EU plans to fast-track €840m in subsidies to Irish farmers
Phil Hogan expected to announce series of measures to address collapsing prices
European Commissioner for Agriculture Phil Hogan expected to announce the advance on Monday. Photograph: Eric Luke
The European Commission is planning to fast-track €840 million in payments to Irish farmers as part of the series of measures to deal with collapsing commodity prices.
European Commissioner for Agriculture Phil Hogan is expected to announce the advance at a meeting of European Union agricultural ministers on Monday which is being targeted by protesting farmers from across Europe.
Under the Basic Payment Scheme, formerly the Single Farm Payment, Irish farmers receive about €1.2 billion in subsidies from Brussels.
Normally, about half is paid ahead of time in October but the commission plans to extend this advance to 70 per cent as a result of the current crisis, with the remaining 30 per cent paid in December.
The move comes amid growing concern about falling milk, cereal and pig meat prices, which have eroded farmer incomes and sparked widespread protests across Europe.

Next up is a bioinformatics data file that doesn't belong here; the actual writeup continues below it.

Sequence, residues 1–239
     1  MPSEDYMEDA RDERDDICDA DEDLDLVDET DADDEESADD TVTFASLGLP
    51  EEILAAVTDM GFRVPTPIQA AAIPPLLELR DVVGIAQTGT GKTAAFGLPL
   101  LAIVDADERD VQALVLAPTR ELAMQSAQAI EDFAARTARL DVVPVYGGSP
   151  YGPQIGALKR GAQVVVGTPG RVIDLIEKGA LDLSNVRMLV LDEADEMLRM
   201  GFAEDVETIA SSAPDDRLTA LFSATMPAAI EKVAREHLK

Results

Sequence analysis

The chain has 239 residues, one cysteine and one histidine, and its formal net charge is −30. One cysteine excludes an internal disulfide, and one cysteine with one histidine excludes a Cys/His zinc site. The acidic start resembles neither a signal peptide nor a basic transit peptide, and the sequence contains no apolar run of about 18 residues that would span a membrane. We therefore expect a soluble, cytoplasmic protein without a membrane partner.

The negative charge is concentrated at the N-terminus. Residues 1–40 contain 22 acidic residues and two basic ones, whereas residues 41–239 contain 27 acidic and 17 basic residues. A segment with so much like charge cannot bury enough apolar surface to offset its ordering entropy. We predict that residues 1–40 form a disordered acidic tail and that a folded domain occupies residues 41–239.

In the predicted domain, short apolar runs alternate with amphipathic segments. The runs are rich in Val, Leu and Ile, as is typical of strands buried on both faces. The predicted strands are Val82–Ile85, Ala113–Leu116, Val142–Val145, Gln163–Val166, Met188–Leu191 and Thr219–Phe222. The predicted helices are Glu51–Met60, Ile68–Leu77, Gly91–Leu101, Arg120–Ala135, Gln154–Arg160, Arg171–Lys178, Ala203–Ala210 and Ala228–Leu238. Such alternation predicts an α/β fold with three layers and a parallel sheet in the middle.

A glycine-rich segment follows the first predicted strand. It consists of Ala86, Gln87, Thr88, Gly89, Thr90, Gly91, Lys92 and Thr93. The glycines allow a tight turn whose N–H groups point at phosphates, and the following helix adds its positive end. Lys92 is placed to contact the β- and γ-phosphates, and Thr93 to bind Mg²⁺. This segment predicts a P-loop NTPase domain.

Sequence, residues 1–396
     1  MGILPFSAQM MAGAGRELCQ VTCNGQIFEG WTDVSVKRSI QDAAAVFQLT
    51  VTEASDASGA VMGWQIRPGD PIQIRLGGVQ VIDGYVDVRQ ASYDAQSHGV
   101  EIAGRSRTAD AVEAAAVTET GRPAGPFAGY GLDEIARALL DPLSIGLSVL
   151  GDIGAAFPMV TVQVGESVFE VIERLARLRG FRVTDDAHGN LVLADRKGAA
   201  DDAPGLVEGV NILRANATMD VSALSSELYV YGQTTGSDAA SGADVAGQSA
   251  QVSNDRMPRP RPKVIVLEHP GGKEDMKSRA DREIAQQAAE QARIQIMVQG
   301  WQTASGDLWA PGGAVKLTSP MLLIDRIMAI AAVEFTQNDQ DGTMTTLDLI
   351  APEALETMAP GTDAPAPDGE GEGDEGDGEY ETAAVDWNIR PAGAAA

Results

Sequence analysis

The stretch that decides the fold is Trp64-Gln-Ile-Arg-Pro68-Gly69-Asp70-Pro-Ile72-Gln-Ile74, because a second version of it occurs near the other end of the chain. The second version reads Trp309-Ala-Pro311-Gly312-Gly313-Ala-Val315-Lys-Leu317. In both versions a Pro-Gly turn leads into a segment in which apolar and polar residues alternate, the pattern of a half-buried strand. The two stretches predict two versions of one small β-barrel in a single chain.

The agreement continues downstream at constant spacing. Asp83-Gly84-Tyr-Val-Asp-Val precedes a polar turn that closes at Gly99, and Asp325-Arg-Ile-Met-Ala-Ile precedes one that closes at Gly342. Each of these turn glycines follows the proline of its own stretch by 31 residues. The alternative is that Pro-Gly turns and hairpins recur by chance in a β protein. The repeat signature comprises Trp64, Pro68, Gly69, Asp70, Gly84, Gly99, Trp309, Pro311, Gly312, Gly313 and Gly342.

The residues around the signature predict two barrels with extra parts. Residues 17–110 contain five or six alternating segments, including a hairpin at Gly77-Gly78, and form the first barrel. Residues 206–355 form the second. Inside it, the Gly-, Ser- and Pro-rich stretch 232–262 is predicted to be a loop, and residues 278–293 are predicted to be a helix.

Oversupply in the global dairy market, combined with the Russian import ban, has seen milk prices crash from 39 cent a litre in 2014 to 25 cents this year.
The Irish Creamery Milk Suppliers’ Association estimates about €1 billion has been wiped off the value of farmer produce in the Republic as a result of the slump and warns many farmers face financial ruin if Brussels fails to take decisive action.
Minister for Agriculture Simon Coveney has joined a chorus of calls for an increase in the EU intervention price for milk, which is currently 23 cent a litre. Mr Hogan has so far resisted the calls, insisting farmers must be weaned off market supports.
The Irish Farmers’ Association wants the €800 million paid this year in superlevy milk fines used to support the dairy sector.